Thursday, November 5, 2009
We awake in a tidy, but roughly hewn wooden cabin in the village of El Punto almost 1000m above the Valley of Oaxaca. Outside the sun blazes down the lush hillside that leads to our cabin evaporating the thick layer of dew that has fallen overnight. We layer up in preparation for the remainder of our downhill before climbing back up to Guelatao the humble birthplace of Mexico's most beloved President, Benito Juarez.
From Guelatao it is a steep ascent to sleepy Ixtlan de Juarez once famous for it's cochineal industry. The Churrigueresque churches are the only testimony to the wealth that the highly sought after vibrant red dye of this insect brought to the area. Like Baroque on steroids the interiors of these churches drip with colonial excess. After silver, cochineal was once the second export of Mexico. It is difficult to imagine this simple town created so many millionaires.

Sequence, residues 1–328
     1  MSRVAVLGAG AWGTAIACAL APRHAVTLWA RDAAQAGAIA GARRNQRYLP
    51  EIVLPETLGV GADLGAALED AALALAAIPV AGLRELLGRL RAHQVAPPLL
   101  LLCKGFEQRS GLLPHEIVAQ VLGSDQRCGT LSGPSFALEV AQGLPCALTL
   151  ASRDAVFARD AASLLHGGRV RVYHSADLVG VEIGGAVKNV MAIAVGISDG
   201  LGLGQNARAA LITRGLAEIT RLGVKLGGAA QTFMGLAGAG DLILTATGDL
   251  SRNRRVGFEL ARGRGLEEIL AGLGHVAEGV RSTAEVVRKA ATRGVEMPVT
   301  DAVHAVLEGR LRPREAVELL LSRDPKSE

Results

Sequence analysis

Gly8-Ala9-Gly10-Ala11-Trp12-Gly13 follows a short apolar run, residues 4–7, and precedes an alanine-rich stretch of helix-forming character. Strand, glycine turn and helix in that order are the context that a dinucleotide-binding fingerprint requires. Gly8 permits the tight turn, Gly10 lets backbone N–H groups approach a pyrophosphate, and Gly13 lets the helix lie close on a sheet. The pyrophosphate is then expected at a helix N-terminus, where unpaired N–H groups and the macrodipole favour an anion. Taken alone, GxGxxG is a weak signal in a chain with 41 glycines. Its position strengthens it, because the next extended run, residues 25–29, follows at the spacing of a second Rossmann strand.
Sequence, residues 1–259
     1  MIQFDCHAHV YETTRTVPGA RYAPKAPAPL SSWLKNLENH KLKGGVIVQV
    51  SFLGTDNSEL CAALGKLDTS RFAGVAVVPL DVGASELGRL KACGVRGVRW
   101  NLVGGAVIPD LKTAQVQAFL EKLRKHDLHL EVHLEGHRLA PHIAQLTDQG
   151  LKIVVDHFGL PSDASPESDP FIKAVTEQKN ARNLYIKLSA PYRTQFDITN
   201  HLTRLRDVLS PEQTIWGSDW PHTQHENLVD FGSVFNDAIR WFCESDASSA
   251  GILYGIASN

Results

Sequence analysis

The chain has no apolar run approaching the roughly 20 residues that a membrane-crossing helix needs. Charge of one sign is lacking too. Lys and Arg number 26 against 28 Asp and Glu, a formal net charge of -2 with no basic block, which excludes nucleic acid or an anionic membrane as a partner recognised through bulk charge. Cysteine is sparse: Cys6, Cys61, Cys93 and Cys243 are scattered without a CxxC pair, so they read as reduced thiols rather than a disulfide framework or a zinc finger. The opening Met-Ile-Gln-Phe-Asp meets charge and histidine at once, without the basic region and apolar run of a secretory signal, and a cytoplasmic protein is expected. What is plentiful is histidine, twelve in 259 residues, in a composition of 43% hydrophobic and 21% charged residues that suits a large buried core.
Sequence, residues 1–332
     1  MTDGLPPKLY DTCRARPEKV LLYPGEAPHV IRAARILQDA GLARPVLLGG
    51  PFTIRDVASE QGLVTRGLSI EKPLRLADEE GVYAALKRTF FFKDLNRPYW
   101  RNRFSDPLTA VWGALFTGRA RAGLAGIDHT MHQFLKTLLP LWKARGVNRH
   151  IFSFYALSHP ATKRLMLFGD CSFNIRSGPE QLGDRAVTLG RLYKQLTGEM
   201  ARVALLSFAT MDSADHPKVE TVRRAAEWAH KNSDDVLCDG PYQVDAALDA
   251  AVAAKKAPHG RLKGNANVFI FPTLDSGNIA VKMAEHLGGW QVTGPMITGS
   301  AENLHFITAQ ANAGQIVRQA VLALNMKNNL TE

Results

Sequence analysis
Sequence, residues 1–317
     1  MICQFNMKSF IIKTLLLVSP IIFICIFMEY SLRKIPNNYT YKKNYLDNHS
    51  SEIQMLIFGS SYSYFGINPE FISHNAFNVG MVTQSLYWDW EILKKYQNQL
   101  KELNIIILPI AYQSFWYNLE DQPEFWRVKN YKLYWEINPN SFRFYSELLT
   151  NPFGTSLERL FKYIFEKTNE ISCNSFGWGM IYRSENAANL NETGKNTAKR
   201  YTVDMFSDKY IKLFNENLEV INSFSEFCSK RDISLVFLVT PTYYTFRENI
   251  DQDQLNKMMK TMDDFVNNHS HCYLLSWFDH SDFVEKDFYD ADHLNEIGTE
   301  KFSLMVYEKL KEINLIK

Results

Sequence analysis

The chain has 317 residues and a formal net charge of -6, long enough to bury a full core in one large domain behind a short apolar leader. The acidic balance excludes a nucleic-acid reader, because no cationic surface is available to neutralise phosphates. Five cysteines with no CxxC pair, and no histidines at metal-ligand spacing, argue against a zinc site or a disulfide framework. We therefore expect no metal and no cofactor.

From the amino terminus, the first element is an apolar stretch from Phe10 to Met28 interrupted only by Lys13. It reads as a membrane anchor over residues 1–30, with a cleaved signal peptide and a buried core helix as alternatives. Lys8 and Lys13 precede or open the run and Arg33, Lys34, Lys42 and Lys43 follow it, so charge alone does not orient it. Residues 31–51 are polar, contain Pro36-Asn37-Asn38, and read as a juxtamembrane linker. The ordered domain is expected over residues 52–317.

Today it's wealth lay in the biodiversity of its surrounding forests. The WWF rates it amongst the 17 most biodiverse ecosystems in the world. All of Mexico's big cat species can be found here. Thankfully the Mexican government has invested a great deal in the development of ecotourism in this region and the surrounding communities take their role in this development very seriously.